> the Editor first. I've learned (the hard way) better than posting code I
> haven't executed and/or inspected via Code Analyzer in the Editor :)
>
> > I tend to write in hyperbole regarding features and also that my dated
> > version of Matlab is quite a far cry from what they've gotten implemented
> > since I retired and could no longer afford to update licenses.
> >
> > As noted in the other response, there's a lot of "since it doesn't work
> > like _my_ favorite editor that I've customized over 30-something years,
> > it's all hooey" in my writing, too... :)
>
> That's true. But there have also been some suggestions in this thread that
> sound like reasonable ways to improve the Editor in general. As I stated
> when this thread started in February of last year, suggesting a feature here
> on CSSM is good, but submitting it to Technical Support (ideally with a
> description of how it would improve your workflow and productivity to
> provide extra motivation) is the best way to ensure it gets into the
> enhancement database. Submitting it that way doesn't guarantee that we'll
> implement it right away (or ever) but it does make sure it shows up on our
> radar.
>
> You can even (with a sufficiently recent version of MATLAB, sorry dpb)
> submit the enhancement request from within MATLAB, so that if you think of a
> good idea you can send it to Support while it's fresh in your mind.
>
> http://www.mathworks.com/help/techdoc/rn/bsq2ywm-1.html#bsucc1d
>
> --
> Steve Lord
> slord@mathworks.com
> To contact Technical Support use the Contact Us link on
> http://www.mathworks.com

Subject: Refactoring 4 Matlab

From: Sander Aerts

Date: 10 Dec, 2011 12:43:08

Message: 33 of 35

Hi Brad,

I think we are more or less in the same line of programming duty here, I too have created and manage an OO framework of pure matlab code. The ML-editor is also the only UI i use to write code, but over the past two years it seems as if I have given up hope.

Given the nature of how matlab works with data and has no type identification it is clear that refactoring tools are not so easy. However, the new OO syntax must certainly allow the progammers to incorporate more funtionality such better class outline... I cannot imagine that programmers who work on the matlab UI have never used an editor as Eclipse that ships with excelent refactoring tools?

There is a function on the file exchange called filegrep.m, perhaps it wouldn't be a bad idea to implement this (in the more elegant and improved version) by default in the ML-editor? It is basically a find and replace tool accross mutiple files, but it lacks the functionality as in regexprep... Perhaps your third party tools are much more efficient at this, i'll have to try them out.

@Loren: I have indeed encountered people using emacs as an imporved editor... Shame on me that I haven't been able to work a lot on unix systems, but it did not come naturally to me and i soon gave up hope on emac :-) I think it is because in all these years i have grown accustomed to my short keys.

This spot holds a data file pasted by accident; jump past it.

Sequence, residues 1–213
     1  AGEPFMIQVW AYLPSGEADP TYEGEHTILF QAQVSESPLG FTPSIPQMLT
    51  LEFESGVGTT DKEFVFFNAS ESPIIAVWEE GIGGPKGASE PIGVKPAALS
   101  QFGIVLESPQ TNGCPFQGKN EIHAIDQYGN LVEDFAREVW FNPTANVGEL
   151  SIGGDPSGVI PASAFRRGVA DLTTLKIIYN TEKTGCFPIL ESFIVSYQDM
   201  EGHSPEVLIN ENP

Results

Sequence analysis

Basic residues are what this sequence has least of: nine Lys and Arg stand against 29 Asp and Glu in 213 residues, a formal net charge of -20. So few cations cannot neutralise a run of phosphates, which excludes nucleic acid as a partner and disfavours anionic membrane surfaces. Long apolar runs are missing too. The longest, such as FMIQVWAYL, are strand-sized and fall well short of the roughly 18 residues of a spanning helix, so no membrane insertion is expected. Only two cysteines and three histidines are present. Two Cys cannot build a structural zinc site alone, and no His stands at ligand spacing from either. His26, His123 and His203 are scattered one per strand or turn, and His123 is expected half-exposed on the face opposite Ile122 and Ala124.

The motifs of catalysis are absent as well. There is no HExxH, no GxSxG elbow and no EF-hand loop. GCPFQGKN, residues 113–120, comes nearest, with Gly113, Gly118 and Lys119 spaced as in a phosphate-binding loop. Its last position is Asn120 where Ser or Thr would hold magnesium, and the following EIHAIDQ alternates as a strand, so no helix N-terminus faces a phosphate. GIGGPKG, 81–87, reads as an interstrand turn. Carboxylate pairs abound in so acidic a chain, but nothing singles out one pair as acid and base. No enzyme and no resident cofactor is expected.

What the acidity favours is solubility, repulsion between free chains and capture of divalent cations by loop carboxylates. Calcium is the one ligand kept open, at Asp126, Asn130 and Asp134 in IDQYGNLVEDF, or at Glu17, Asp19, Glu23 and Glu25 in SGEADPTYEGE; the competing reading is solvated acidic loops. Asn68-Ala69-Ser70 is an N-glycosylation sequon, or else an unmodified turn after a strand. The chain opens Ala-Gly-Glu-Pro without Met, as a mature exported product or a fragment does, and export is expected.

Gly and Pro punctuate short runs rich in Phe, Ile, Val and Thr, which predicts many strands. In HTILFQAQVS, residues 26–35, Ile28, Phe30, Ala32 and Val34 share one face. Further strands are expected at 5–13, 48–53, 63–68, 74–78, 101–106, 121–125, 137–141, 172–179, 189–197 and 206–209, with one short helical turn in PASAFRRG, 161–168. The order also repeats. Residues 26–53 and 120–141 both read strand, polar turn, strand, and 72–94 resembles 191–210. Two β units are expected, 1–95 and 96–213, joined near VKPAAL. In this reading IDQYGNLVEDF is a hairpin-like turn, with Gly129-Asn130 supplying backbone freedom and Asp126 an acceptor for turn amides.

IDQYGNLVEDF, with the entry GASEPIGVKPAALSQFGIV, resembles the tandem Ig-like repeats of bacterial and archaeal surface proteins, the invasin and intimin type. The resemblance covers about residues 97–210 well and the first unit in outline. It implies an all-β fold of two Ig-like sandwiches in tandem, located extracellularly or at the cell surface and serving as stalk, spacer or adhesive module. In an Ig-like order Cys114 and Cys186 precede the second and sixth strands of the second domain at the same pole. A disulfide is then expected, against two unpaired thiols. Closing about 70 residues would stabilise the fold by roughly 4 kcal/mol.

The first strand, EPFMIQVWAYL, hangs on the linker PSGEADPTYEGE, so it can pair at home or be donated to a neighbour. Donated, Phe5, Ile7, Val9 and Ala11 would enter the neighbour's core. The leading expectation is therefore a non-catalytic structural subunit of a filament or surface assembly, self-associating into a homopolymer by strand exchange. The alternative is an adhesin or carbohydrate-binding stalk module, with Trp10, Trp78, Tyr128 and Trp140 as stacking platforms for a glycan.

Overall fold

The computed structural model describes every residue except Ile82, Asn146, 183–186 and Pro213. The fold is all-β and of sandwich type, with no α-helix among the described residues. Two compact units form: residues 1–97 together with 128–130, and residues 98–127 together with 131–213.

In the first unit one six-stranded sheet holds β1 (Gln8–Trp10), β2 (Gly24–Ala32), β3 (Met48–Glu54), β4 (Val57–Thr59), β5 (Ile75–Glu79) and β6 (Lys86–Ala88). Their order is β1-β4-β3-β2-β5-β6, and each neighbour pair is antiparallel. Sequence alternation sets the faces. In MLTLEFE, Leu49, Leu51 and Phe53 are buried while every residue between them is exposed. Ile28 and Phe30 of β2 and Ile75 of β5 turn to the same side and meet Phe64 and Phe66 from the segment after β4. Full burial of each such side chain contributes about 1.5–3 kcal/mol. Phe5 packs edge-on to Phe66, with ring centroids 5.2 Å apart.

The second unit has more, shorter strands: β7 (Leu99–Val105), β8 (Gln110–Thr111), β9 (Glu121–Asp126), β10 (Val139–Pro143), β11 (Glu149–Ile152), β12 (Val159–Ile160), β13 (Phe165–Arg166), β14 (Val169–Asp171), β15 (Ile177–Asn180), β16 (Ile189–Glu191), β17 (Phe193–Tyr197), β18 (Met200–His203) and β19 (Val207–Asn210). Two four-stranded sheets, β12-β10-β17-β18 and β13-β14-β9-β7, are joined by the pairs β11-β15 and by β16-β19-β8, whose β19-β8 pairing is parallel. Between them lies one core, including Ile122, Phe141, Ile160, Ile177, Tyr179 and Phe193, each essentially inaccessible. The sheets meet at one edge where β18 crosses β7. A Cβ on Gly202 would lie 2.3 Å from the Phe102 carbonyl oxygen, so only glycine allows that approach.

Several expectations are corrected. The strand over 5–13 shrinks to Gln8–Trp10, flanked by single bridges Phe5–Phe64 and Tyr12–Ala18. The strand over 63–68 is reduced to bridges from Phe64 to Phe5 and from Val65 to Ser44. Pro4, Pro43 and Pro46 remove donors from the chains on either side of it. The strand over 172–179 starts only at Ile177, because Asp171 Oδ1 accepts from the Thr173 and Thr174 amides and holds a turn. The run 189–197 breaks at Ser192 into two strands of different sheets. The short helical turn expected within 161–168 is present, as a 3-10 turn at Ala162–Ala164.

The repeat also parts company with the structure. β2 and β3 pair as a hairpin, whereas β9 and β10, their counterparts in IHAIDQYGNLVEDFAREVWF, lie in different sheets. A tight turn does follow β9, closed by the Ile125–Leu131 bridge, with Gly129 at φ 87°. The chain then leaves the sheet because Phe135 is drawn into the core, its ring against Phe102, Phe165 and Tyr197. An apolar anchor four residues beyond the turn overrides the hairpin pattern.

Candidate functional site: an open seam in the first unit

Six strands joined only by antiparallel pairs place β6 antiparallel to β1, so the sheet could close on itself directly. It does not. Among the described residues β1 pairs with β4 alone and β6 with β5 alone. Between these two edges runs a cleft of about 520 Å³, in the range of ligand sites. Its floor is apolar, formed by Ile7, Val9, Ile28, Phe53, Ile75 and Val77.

@Steve: I too have posted something about the refactoring as an improvement and indeed I have seen the editor becoming better, especially in the R011a release... i am a fan of shift+enter to replace all occurences of a name in a confined 'base' (dont really know how to express this better). But, (always a but) they asked me to sum up all functions i wanted...

I also believe that we should be looking at a bigger picture. Refactoring tools are not limited to a single function or even a file. In the case of Brad and myself where you working with a lot of OO code that interacts with one another it can be hard to keep track of classes, their methods, inheritance trees....

How many times have i tried to instantiate a newly designed class only to discover that it was still abstract because i forgot to define some distant property or method... This can easily be approved, the meta.class instances alone provided enough information... If i so wanted i could write a function that, given the parents of a class, lists all the methods that i still have to implement, as a sort of checklist.

Hopefully the R2012 or R2013 will improve on this.

Kind regards,
Sander Aerts

Subject: Refactoring 4 Matlab

From: Brad Stiritz

Date: 10 Dec, 2011 14:10:09

Message: 34 of 35

Hi Sander,

Thanks for your comments. I'm so sorry to hear you've been giving up hope on efficient large-project creation within MATLAB..! :( From personal experience, I can assure you that you can do it..! Extreme resourcefulness is the key. Though TMW may not provide you with everything you need, there are a lot of very helpful concepts & tools floating around that can really make a difference..! :)

Here are a couple more suggestions to consider. I make use of these on a daily basis:

1) Hungarian Notation : try to be disciplined & use as much as you can possibly stand. This might not be directly about refactoring, but I'm including it b/c it's a critical part IMHO of achieving & maintaining bug-free & readable code. Here's an example from a function I'm working on right now, in a class called Parameters that facilitates meta-programming:

---------------------------------------------------
% Check possibilities (i) OR (ii)
if ~isempty(iAssignmentMatch) &&...